Mariusz Czepcynski analyzes the fate of Gdansk, “an iconic city”, as he writes, “supercharged with traditions and connotations, but just as much a vital economic centre in the midst of Europe.” The flagship of the Polish and socialist ship-building industry is a representative case of industrial transformation, he says.
In an article on industrial buildings, Berthold Hub examines the idealistic connection of urban development and industrial growth. Architects such as Peter Behrens, who designed the first monumental industrial buildings at the turn of the last century, reacted to social conditions as well as technical demands.
And Susanne Hauser looks into the conversion of former sites of production of steel and coal. Projects for the development of abandoned factory premises and storage areas are numerous: they range from artists’ studios and museums to spaces for the development of new industries. Such a conversion, she claims, demands very sensitive interaction with regional development and one’s own economic history.
Also to look out for: Hilary Tsui in “The demolition of Star Ferry Pier” on urban renewal in Hong Kong and the resistance it faces; Manfred Russo’s series on the history of urbanism, this time featuring the utopia of Protestantism in the US; and the first part of a new series by Daniel Kalt on art in urban space, featuring an interview with artists Angelo Stagno and Andrea van der Straeten.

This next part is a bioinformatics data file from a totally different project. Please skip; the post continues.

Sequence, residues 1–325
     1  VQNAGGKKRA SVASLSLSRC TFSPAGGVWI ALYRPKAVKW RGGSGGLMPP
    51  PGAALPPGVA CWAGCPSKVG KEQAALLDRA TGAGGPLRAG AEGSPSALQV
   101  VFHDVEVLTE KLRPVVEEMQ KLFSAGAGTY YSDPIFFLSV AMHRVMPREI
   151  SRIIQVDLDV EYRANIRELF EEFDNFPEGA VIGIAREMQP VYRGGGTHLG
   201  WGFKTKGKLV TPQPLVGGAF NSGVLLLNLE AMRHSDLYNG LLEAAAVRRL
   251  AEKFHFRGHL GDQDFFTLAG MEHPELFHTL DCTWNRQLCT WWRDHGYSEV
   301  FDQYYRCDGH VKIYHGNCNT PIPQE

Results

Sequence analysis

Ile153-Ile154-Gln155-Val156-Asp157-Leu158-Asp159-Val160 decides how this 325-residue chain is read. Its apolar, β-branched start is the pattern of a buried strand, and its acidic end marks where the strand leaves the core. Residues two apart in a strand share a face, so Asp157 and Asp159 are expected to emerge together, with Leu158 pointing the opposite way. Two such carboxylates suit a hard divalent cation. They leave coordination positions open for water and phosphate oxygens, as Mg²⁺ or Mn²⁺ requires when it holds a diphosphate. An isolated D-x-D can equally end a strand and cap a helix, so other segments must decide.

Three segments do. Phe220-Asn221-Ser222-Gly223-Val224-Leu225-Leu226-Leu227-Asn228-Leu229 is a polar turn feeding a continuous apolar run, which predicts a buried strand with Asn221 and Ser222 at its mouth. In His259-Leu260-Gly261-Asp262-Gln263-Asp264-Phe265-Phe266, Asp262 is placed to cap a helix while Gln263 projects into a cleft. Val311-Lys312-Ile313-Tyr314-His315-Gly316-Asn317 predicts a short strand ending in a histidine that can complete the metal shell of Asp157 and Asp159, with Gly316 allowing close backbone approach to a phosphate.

The full table of contents of dérive 29 (2007).
Georg Schöllhammer, editor in chief of the Austrian art journal Springerin, was the brains behind the documenta 12 magazines project. Springerin now takes stock of this communicative networking project which set out to link up art journals from all over the world.
Keiko Sei, one of the editors of the project, discusses the situation of online media in Southeast Asia. In cities such as Kuala Lumpur, Bangkok, or Jakarta, she writes, people make use of the possibilities of the Internet. This also goes for Rangoon in one of the most repressive countries in the region. They “get a feeling of independence and individuality on the web which stands in contrast to what is presented in the mass media.” This virtual public space is approaching Habermas’s idea of the public space, she finds. However, just as democracy in these regions is very young, so is this sphere of independent information and debate, with everyday dangers lurking, such as personal attacks and repression of those who think differently.
Journals are the powers, writes Süreyyya Evren, that come closest to creating an independent perspective and a public sphere not under control. Many new ideas one would not find in public discussions are voiced in a cultural magazine; some of these ideas even emerge there.
Evren undertakes an excursion into the world of Turkish cultural magazines and his own experience in publishing journals. Having founded the anarchistic collective Karasin and published a photocopied journal, the group found that publishing online was much more effective: “It guaranteed that the texts reached many places and had a long life span.” However, he concedes, what you create online you can neither smell nor touch. If you are dealing with emotionally laden topics, this can be a problem. “Since we began publishing our journal we have always savoured the privilege of breathing in the smell of each new issue.”
The full table of contents of Springerin 4/2007.